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Do Teachers Really Lack Autonomy and Freedom?

Over the past few years, there has been an ever-growing chorus of pundits who argue that teachers have grown to deeply dislike their jobs. They argue that teachers are unhappy with their lack of control and freedom. These pundits believe that discouraged educators have been fleeing the profession in droves. But do teachers really lack autonomy and freedom?

When we examined a federal survey of teachers around the country, we found that teachers actually had significant control over their professional work. Consider, for example, that 58 percent of teachers say that they had control over what they teach—“selecting content, topics, and skills to be taught”—and 91 percent of teachers say that they had control over how they teach—“selecting teaching techniques.” And virtually all teachers (93 percent) reported that they had control over grading and evaluating.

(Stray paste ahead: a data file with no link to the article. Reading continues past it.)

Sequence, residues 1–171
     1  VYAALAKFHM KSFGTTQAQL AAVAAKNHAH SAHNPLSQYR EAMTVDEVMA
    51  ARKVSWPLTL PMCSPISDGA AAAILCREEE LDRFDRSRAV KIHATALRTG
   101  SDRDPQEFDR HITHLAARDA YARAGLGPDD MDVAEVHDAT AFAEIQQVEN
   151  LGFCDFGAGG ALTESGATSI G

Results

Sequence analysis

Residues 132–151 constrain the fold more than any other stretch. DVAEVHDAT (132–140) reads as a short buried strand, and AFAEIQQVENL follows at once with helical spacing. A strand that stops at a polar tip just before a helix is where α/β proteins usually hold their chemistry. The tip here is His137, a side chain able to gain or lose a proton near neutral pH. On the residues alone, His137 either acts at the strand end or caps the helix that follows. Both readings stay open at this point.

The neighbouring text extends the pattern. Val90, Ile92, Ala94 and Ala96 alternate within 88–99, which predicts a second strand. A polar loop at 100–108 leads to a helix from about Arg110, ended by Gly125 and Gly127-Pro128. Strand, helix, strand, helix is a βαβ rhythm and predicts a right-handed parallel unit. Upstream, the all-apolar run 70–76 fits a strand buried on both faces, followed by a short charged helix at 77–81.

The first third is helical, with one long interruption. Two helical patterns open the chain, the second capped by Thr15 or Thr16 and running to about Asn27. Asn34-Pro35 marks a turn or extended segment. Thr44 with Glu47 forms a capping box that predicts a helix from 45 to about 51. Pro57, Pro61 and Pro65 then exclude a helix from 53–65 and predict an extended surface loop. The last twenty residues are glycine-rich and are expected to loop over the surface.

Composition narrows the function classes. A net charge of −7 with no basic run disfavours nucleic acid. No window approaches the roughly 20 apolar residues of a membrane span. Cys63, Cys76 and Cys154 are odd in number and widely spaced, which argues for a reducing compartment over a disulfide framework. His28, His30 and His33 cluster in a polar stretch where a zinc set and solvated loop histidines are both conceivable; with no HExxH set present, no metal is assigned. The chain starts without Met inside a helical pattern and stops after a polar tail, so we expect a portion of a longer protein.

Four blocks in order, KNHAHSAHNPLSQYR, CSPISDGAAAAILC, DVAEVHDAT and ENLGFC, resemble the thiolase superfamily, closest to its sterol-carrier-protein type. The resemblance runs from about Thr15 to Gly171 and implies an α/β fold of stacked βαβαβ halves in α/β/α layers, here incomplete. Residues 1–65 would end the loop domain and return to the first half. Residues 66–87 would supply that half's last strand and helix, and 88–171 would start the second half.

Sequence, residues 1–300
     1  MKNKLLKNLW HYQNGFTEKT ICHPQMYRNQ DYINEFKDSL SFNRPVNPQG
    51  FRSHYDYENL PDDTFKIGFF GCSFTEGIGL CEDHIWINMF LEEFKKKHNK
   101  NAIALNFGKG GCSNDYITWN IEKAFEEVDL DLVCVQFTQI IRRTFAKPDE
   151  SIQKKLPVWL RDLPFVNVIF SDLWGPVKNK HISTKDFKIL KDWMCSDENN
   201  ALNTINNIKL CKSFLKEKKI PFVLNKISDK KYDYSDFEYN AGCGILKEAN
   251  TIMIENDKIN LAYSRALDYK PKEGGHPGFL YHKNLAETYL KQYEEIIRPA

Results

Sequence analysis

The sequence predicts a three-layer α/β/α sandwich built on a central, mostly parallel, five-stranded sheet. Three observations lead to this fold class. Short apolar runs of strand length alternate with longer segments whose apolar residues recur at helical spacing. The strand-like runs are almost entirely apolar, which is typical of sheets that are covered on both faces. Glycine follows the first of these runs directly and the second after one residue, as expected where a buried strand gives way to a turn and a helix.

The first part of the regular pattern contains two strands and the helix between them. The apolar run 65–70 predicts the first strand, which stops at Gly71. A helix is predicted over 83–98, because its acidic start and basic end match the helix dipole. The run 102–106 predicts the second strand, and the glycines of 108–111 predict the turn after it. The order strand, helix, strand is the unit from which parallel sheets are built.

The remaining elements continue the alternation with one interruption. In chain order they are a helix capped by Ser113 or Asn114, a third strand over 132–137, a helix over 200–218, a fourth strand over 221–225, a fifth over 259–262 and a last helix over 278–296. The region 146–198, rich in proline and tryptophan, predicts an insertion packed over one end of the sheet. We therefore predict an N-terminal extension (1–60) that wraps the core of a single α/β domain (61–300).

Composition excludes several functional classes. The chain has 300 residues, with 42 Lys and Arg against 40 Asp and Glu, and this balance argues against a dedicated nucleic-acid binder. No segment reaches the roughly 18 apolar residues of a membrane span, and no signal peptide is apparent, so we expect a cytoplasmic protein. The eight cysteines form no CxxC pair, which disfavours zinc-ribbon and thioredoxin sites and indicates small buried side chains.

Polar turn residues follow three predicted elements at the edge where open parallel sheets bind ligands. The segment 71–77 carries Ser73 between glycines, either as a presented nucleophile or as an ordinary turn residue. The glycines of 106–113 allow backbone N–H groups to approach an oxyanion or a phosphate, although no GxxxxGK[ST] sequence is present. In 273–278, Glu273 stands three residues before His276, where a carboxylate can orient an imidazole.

To make the map below, we examined public school teacher responses from the Schools and Staffing Survey from the Institute of Education Sciences at the U.S. Department of Education. The data are from the 2011-12 school year, the latest available. The survey results are broken down by state.